Wednesday, September 14, 2011
Seriously, Effingham? That's all the news in the county?
The internet, as soon as it went mainstream, became a news junkie's ultimate hit. Some of us, though, still get a buzz by reading news from a paper product - a newspaper or a magazine, though there are fewer of us each day judging by how many people the newspapers are firing. So imagine the glee at opening my mailbox to find a newspaper I didn't order accompanied by a letter stating that I now have a free, FREE, four-week trial subscription to that paper. It happened yesterday, a gratis trial of my hometown semiweekly, the Effingham Herald. This Herald, though, was more flea circus marching band than trumpet fanfare because, if you believe the paper's thin pages, there is hardly any news happening here. Really? No news in a rural but rapidly growing area of Georgia?
Sure, we in The Ham like to think of ourselves as small, but we have more than 52,000 people according to the 2010 Census. We are one of the fastest growing counties in the state - for a few years, one of the fastest in the whole dang country. How can there be only ten pages of news content in the Herald and its competitor, the Savannah Morning News's Effingham Now? Calling it ten pages of news is also generous since many of those pages were consumed by advertising. There has to be much more happening here, and I believe a lot of news, or even "news", isn't making it into the paper. (Disclosure: I write all this lovingly since I have contributed to both papers in the past.)
First of all, where are the church service reports? Growing up in Dade County, Georgia, which at the time was five-times smaller than Effingham, virtually every church had a blurb about the previous Sunday's services - Saturday for the Adventists - in the Dade County Sentinel (or, as my family called it, The Weekly Wipe). But the greatest church report section of all time was just across the state line at The Sand Mountain Reporter. "On a cloudless Sunday morning, Brother Cotton Tishaw preached a stirring message of damnation, interrupted only by a call to the outhouse. The Lord then blessed us with a hamburger fry on the grounds, and Brother Tishaw was highly complimentary of Mable Sue Spurgin's pimento cheese burgers, which he says went perfectly with the salsa he keeps in the breast pocket of his sport coat." Are there no churches in The Ham willing to even say "Brother Bob preached about the evils of alcohol.....for the 34th consecutive week"?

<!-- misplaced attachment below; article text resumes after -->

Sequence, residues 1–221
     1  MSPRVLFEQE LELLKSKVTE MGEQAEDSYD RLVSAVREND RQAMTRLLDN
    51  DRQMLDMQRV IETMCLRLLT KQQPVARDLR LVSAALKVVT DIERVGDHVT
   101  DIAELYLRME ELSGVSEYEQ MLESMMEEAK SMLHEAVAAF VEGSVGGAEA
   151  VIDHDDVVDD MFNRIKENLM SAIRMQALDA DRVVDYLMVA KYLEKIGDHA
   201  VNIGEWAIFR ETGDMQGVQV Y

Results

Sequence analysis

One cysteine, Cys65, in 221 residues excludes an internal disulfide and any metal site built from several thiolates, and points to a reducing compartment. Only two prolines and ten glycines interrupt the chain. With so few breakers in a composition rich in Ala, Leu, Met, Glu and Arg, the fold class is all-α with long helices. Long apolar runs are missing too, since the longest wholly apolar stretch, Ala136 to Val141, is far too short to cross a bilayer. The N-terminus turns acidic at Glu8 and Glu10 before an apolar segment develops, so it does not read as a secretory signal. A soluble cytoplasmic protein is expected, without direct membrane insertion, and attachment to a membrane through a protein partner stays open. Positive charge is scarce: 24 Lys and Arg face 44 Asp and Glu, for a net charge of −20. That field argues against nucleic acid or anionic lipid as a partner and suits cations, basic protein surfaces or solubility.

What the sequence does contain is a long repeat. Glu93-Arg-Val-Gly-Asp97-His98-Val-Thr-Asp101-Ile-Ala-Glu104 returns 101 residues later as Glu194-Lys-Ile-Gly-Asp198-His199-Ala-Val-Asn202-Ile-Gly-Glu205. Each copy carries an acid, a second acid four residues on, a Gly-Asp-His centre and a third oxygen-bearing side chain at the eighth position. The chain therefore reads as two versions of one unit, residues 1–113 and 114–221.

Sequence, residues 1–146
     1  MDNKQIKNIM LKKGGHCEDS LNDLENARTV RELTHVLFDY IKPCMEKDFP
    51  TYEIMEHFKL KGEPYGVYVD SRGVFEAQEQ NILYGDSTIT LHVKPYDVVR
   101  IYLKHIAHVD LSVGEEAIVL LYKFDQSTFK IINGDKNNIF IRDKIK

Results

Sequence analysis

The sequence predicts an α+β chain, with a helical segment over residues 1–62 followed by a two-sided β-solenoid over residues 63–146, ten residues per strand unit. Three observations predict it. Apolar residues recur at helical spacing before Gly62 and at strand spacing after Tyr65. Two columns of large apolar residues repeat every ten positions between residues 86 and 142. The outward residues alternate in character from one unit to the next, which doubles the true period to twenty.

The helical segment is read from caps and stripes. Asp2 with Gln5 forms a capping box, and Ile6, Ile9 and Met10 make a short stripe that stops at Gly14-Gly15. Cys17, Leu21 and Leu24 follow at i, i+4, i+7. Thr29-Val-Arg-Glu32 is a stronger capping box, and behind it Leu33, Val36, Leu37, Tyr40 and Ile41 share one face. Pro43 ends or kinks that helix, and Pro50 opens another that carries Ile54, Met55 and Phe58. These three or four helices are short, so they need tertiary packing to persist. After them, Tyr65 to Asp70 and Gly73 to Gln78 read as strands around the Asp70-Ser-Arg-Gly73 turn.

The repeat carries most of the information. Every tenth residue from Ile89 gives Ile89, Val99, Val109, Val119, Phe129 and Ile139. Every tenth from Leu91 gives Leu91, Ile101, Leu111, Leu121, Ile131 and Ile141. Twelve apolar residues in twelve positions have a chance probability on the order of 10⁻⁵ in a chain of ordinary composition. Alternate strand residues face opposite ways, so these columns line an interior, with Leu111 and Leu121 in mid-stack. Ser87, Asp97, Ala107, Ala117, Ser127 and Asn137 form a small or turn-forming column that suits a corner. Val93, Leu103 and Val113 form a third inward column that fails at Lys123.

The front page of the Effingham Herald makes mention of the major cities within the county - Guyton, Rincon, and Springfield. But where is the community news from Sand Hill? From Marlow, Ebenezer, Booger Holler (surely there's a Booger Holler somewhere) and a host of other small communities? One of my high school friends used to write the weekly news from Wildwood, Georgia for our local paper. "Went to visit Mr. Moss the other day, and am happy to report that his gout is much better, and that his neighbors came together to help clean up the toilet paper left in his trees by the naughty neighborhood teens", even though the naughty teens included my friend and yours truly. Are there no Mrs. Zipperer's in The Ham whose house got t-p'd while she suffered from 'the gout?' How about Paw Paw Shearouse's tulips or the beginning of hunting season on Low Ground Road?
Finally, the big boys of the big city newspapers make a killing by spreading gossip, but anyone who grew up in the South knows that Yankees are amateurs when it comes to spreading rumors and malicious lies to the point to where they become the gospel. Why doesn't the Effingham Herald take the bold step of adding an anonymous gossip columnist? Better yet, add two of them - The Reb (as in Effingham High School Rebel) for the northern half of the county and The 'Tang (as in Mustang - where is your mind?) for the southern half. You don't even have to be specific. Imagine opening The Reb's column to read, "Is Farmer Bucky's filly harvesting to a different tiller these days?" That sentence alone could refer to half the county in half a dozen different ways. Everyone would be talking and, therefore, buying the paper.
I don't fault the folks at the Effingham Herald or Effingham Now. They probably have only one person writing the stories, taking the pictures, laying everything out, and doing the website. But the reason newspapers don't make enough money to pay more people is that they didn't follow the prospective news consumer to the areas in which they get their news and because many of them forgot that news is much more than handouts from police departments and government agencies. News is talking about the folks with the folks. I haven't given up on small town newspapers. I just hope they don't give up, first.